Trash. It’s tempting to not think about it, and our culture does encourage it, for the most part. We’re supposed to buy as much stuff as we possibly can, own the latest styles, remodel our kitchens, if things break we should replace, not repair them (we often don’t have a choice, and we usually don’t have the time either.) Most everything is sold with excess or unrecyclable packaging, but that’s the way it comes. Packaging is about a third of our trash. Trash is, after all, an “afterwards ” thing, after the pleasures of buying, having, using, eating, drinking. And landfills, who wants to dwell on them? Wall-E.
Well, we must pay the costs, both the bucks and externalized environmental costs. Puente Hills is the country’s largest landfill. Once a valley, it is now a mountain of trash. It accepts up to 12,000 tons per day, 6 days a week of trash from L.A. County, and it will be closing next year. After that, those tons per day will most likely be hauled to a place in the desert. And Santa Barbara is currently trying to figure out how best to extend the operating life of their landfill, whether it is with expensive new anerobic digestion technology, or much lower tech methods of collecting and composting more. Good news: at under 4 1/2 pounds per day, Americans are throwing out a bit less than 10 years ago and recycling and composting rates continue to rise, currently at 34%. Californians divert more than 50%, San Franciscans closer to 75%!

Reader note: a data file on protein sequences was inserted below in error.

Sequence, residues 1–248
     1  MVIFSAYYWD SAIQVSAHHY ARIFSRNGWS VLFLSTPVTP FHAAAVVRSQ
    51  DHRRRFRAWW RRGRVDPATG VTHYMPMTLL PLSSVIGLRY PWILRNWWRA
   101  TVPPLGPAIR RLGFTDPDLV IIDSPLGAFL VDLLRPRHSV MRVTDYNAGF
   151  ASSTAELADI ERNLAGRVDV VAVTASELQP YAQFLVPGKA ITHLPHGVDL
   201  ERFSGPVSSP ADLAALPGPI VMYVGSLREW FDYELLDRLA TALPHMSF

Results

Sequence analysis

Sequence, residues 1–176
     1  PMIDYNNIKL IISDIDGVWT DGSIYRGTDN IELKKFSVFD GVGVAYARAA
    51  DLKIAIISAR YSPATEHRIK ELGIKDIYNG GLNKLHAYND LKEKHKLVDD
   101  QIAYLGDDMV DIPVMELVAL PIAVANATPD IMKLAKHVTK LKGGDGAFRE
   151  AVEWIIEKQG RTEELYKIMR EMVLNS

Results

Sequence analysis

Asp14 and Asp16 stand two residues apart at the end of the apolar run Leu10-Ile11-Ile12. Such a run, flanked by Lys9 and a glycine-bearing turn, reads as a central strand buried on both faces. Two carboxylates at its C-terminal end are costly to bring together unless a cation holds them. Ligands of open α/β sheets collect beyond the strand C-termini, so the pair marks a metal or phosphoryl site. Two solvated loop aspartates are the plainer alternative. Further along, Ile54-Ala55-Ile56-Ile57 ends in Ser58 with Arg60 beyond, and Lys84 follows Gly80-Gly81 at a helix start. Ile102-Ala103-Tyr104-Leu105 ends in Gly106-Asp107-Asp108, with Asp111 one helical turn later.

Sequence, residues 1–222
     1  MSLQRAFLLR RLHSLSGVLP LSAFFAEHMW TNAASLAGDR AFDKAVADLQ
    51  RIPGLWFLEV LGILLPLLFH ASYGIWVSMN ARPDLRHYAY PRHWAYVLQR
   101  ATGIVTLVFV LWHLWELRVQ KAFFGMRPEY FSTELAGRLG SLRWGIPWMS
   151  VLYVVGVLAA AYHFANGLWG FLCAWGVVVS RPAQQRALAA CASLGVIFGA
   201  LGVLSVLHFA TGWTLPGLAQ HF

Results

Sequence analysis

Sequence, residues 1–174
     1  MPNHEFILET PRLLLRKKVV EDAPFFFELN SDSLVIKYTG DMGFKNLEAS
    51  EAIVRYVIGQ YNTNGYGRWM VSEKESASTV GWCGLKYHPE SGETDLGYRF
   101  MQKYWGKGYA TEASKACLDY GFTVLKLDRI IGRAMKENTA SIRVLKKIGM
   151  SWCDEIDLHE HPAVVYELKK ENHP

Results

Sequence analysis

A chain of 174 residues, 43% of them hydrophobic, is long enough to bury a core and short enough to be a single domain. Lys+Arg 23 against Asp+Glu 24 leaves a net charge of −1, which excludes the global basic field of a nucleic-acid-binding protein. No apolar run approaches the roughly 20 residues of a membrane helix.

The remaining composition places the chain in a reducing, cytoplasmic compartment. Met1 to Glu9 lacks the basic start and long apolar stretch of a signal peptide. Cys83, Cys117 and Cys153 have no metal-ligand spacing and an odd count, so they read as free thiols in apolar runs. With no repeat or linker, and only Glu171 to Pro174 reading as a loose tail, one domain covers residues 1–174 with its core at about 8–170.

At least Puente Hills is able to generate 50 megawatts of electricity, enough to power a small city, with methane from the landfill. Electricity is so much better a use for it than warming the planet.
One advantage of a down economy is people buying less (and yes, keeping it down…)